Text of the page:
The Pinterest Life
Society pitts women against each other.
We constantly feel a need to compete; to be good enough in every area of our lives. We compare our cooking to the chefs on FoodNetwork. We compete with the constant barrage of half-naked women streaming into our home through catalogs. magazines, television, our phones and computers. They make us feel as though our body continually needs to be tweaked no matter what shape we are in. Other moms in our kids’ classes seem to do so much more than we do. They are room moms, have full time jobs, have leadership roles at their church and/or Bible Study Fellowship. We have so many pins our Pinterest boards that if we were able to accomplish them all, we would never die. Our society, and even our churches, have adopted the mentality that women can even compete with men and do anything and everything they can do.
So, we fill our lives with activity, exercise, several Bible studies, serve at our church, try to cook full meals while running kids everywhere trying to be the perfect mom, be the perfect wife, work to provide more income for our families, and the list goes on.
That made me stressed just writing it. What awful feelings were dredge up for me. Like the fear I felt every time my child brought home a “project” from school — a diorama (creating a 3-d scene in a shoe box from a book they had read ) or a costume created to go along with an oral book report, or creating a time line on poster board for history class, or worse, the dreaded science fair approaching. Ahhhhh! I am not given to panic attacks — that is unless you make me go to a craft store. Then all of a sudden, I can’t breathe, my head starts to spin out of control, and my hands start to shake. I cannot get out of there fast enough. My “projectfobia” stemmed from the very real sense that the project I would help my child create was never going to measure up to the kids in the class who had that “craftee” for a mom. Now that’s competition!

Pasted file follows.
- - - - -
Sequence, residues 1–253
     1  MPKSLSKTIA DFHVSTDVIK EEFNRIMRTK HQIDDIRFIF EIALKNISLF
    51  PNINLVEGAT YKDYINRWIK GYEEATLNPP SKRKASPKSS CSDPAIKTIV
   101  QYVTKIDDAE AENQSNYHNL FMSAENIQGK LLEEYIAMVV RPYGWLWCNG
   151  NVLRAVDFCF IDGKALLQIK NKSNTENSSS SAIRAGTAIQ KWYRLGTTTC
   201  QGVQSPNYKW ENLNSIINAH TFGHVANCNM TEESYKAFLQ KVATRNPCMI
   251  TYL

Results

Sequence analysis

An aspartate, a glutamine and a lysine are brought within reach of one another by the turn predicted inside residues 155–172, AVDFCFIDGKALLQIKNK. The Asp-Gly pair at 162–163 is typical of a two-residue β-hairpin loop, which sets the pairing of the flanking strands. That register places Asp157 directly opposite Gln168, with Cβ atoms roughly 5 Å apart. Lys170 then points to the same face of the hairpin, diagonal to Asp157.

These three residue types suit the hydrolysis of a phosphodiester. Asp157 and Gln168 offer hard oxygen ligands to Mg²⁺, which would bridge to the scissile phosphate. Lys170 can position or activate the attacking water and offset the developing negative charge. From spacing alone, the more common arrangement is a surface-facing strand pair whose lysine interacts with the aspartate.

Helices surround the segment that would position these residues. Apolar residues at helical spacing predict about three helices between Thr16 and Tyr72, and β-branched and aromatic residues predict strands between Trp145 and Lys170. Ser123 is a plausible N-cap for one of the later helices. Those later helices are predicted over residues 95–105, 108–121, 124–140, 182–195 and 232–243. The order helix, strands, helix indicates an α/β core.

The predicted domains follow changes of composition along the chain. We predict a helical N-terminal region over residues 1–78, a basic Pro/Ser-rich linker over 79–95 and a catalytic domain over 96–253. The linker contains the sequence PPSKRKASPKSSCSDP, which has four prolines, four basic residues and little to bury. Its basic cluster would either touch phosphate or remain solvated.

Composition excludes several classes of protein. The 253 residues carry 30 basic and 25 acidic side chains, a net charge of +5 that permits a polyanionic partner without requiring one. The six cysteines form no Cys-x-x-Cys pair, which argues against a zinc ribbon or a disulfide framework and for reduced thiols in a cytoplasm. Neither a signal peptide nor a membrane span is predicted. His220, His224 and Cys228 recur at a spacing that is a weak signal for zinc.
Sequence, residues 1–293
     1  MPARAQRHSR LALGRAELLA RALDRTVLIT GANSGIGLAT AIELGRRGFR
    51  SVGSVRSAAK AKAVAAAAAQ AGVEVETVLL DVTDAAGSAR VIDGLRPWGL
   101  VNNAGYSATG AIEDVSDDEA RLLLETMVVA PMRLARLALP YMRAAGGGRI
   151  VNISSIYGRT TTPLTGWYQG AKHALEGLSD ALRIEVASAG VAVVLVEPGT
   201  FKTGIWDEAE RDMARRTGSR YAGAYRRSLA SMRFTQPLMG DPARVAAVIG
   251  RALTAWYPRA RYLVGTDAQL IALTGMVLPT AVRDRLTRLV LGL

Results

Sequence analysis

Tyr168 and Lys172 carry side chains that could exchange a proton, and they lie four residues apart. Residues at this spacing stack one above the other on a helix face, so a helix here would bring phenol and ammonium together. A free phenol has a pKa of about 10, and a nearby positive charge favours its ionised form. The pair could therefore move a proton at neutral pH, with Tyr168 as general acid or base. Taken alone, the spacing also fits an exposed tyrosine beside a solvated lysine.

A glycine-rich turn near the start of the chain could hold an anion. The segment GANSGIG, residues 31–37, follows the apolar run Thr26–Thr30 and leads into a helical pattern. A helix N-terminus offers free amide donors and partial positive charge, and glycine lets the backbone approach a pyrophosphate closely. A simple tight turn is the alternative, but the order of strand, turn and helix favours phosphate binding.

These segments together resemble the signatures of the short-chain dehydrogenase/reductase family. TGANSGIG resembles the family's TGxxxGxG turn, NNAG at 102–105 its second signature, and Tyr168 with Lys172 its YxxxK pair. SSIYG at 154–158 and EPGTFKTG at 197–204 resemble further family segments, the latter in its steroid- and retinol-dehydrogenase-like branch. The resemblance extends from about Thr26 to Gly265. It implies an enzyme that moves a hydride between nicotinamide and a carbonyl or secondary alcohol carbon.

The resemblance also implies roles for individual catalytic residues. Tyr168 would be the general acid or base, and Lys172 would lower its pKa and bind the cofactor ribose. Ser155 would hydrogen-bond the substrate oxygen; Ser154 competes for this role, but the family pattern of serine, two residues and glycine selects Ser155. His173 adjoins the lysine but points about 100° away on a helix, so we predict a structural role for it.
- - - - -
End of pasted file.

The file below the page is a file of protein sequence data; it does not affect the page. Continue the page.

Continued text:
Competition enters our life like a thief and robs us of joy if we aren’t careful. Jesus wants us to have an abundantly full life. “Doing it all” is not the “full” life promised in John 10:10.
The thief comes only to steal, kill and destroy; but I have come that they may have life, and have it to the full.
He didn’t want us to “fill” our life with competing, but desires us to experience life “full” of contentment and joy. In order to do that we need to live by His standards and not the world’s. Society tells us to add all these things to our resume, but God never intended us to be or do everything.
I just recently read a book by Jen Hatmaker, called For the Love; Fighting for Grace in a World of Impossible Standards. Jen gives some straight talk about how our culture breeds wrong thinking, contrary to God’s intentions. She says some things up until now I have only been brave enough to think. I admire her honesty, courage and humor.
You will laugh, nod your head in agreement, be refreshed, and most of all begin to, as Jen says, “Break free of guilt and shame by dismantling the unattainable Pinterest life.”
Stop filling your life, and begin to experience the full life Jesus promised.